Last fall, it seemed that Yanukovich would live up to his promises: Ukraine was poised for a major trade deal with the EU that would have put it on track to eventual EU membership.  But Putin was not about to let that happen. Moscow stepped in, employing its usual carrot-and-stick tactics to scuttle the agreement: threats of trade retaliation coupled with promises of benefits if Ukraine backed out.  On November 21, Yanukovich announced that the deal was off—sparking nonstop protests on Kiev’s Maidan Square, the birthplace of the Orange Revolution. The announcement, on December 17, that the Kremlin was rewarding the Yanukovich regime with a big discount on natural gas and $15 billion in purchases of Ukrainian government bonds further angered the opposition: the sweetheart deal—which Yanukovich openly admitted had been fast-tracked by Putin—was seen as evidence that the regime was selling out Ukraine’s national interests.  Few doubted that Russian largesse would benefit primarily Yanukovich and his cronies and henchmen, not ordinary Ukrainian citizens.

The rest, of course, is now history.

As the protests began on November 22, Ukrainian journalist Vitaly Portnikov wrote on the independent Russian website, Grani.ru:  “Putin must be overjoyed: he wanted to keep Ukraine from making the European choice, and he managed to pull it off.  But in reality, he has lost Ukraine, because people will now link the collapse of their hopes not only with Yanukovich but with Russia. … Even as he engages in a mythical confrontation with the West and Europe, Putin de facto undermines his country’s prestige in the eyes of the nations most favorably disposed toward Russia.”  Just three months later, it looks like Portnikov’s prediction has come true.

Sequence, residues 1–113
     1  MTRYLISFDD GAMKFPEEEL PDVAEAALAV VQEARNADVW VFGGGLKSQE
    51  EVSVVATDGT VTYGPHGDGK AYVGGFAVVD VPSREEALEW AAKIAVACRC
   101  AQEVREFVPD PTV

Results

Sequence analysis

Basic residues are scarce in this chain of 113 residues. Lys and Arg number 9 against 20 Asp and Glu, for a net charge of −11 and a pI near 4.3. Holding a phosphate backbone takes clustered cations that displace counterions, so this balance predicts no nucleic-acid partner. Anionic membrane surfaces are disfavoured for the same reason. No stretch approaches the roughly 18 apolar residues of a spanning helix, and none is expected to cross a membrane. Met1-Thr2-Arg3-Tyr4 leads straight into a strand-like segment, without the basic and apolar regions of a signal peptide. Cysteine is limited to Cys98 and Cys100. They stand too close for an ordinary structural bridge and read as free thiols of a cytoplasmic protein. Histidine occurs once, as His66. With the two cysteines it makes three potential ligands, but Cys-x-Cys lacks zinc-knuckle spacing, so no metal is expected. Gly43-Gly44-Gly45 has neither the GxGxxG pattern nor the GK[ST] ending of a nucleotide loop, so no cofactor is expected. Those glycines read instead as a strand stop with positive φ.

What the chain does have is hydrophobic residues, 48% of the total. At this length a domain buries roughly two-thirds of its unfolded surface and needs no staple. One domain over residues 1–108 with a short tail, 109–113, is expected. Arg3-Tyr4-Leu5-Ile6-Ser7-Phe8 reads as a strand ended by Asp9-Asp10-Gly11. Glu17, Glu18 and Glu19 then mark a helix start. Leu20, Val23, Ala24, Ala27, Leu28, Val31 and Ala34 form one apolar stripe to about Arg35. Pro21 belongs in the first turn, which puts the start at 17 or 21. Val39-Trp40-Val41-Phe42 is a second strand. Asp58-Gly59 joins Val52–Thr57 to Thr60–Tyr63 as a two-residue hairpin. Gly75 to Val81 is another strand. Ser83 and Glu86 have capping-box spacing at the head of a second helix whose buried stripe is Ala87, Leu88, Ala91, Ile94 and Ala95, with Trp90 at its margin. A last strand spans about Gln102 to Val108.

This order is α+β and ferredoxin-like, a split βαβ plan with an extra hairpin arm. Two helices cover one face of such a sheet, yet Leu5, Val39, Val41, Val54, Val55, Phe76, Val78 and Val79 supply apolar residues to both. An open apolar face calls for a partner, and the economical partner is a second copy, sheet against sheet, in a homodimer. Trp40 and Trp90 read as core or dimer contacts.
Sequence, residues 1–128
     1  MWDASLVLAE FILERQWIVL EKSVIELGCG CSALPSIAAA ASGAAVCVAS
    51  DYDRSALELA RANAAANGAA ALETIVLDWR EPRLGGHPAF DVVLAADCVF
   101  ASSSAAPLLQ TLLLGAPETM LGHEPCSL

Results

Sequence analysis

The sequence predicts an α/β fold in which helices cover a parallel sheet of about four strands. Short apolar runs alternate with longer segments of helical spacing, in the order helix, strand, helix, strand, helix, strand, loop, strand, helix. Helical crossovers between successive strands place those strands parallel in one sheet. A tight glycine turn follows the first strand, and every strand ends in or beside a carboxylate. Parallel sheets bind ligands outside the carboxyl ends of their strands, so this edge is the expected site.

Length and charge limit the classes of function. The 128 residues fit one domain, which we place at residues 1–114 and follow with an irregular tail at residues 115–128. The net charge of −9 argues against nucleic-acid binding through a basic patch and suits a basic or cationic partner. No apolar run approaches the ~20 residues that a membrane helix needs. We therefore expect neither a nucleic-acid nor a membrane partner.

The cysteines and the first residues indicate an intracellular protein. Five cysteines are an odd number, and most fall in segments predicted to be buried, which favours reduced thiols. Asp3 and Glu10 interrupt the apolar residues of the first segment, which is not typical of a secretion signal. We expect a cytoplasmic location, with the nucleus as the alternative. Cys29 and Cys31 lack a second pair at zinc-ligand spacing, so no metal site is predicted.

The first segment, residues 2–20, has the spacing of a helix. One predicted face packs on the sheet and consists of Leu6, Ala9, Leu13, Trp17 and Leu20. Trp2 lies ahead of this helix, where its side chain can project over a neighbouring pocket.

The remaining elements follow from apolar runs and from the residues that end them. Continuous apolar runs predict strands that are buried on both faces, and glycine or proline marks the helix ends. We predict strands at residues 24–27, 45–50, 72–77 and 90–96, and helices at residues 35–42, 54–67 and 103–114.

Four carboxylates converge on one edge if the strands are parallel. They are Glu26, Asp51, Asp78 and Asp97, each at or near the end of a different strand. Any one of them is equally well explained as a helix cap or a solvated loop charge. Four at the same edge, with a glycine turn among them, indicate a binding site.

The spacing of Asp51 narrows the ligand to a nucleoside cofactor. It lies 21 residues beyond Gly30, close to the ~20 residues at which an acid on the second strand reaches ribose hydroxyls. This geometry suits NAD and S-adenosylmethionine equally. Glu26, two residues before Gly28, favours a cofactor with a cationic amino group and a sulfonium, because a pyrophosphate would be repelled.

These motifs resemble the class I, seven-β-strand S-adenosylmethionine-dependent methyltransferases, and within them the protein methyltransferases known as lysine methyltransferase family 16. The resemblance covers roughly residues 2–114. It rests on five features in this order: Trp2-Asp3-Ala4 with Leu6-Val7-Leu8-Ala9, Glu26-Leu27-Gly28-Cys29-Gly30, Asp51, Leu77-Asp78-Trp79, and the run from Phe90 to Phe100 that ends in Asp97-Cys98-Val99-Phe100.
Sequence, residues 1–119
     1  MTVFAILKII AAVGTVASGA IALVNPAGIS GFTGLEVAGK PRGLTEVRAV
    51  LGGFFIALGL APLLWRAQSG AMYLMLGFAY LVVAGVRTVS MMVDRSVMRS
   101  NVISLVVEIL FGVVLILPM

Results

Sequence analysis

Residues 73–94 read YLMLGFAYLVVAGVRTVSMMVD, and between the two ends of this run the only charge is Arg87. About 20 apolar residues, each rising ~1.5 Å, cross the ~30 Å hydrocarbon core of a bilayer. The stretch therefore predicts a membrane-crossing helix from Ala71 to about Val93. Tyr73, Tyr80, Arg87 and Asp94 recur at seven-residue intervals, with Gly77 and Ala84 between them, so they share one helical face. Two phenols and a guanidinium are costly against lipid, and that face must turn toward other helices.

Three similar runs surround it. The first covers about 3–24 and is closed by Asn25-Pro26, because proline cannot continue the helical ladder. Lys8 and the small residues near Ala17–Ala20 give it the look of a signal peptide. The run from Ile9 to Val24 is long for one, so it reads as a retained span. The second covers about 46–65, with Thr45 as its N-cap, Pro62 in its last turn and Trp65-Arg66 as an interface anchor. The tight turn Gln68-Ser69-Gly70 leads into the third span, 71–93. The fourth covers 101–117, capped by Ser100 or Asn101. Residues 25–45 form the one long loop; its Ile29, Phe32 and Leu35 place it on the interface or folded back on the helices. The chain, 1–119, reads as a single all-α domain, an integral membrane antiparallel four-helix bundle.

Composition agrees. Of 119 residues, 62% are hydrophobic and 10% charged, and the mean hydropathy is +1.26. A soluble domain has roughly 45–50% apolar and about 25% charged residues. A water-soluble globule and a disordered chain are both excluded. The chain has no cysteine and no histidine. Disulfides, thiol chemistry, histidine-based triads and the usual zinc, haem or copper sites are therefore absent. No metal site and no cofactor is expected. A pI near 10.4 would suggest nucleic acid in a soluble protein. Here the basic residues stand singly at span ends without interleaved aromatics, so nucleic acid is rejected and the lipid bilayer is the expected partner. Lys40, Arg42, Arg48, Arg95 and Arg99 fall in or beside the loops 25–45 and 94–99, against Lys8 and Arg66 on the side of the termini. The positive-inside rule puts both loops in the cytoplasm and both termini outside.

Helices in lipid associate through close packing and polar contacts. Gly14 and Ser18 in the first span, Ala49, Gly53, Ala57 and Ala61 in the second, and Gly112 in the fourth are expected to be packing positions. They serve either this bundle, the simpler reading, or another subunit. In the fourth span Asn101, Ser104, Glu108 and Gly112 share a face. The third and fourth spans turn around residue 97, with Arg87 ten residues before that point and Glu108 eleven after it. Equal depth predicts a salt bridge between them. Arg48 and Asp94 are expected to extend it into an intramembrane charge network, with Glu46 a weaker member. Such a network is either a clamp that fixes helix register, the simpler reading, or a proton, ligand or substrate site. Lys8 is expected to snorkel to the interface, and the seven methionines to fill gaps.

Barring the catastrophe of military intervention by Moscow, Ukraine has decisively rejected Russia’s patronage.  And the question of “who lost Ukraine,” from Russia’s point of view, has a simple answer: Putin. His determination to prevent Ukraine’s rapprochement with the EU has backfired beyond his worst nightmare.

That this would happen right in the middle of the Sochi Olympics has an almost uncanny symbolism—particularly since the Olympics, like the dream of imperial revival, were a monument to Putin’s hubris.  Andrew Kuchins, director of the Russian program at the Center for Strategic and International Studies, told Philadelphia Inquirer columnist Trudy Rubin that the Olympics had never before been “so identified with the leader of the host country.”  And yet Putin’s attempt to play Olympian god ran into a series of largely self-inflicted defeats—from the pick of a semitropical location with a climate ill-suited for winter sports and with no infrastructure to support the games (but one that just happens to be Putin’s favorite vacation spot) to exceedingly bad pre-Olympics press over Russia’s new anti-gay legislation.

What next for Putin?  As he watches Ukraine, there is little doubt that the Russian leader has nightmare visions of Russia turning orange.  In the short term, Ukraine’s revolution will likely mean an even harsher crackdown on the opposition in Russia to prevent such a development; it is also likely that the violence of the past few days in Kiev will be used by Russian propagandists to frighten Russians into believing that authoritarianism is the only alternative to deadly turmoil.  But if there’s one thing the events in Ukraine show, it’s that the best-laid plan of authoritarian strongmen often go awry.

Cathy Young writes a semi-regular column for RealClearPolitics and is also a contributing editor at Reason magazine. She blogs at http://cathyyoung.wordpress.com/ and you can follow her on Twitter at @CathyYoung63. She can be reached by email at CathyYoung63@gmail.com.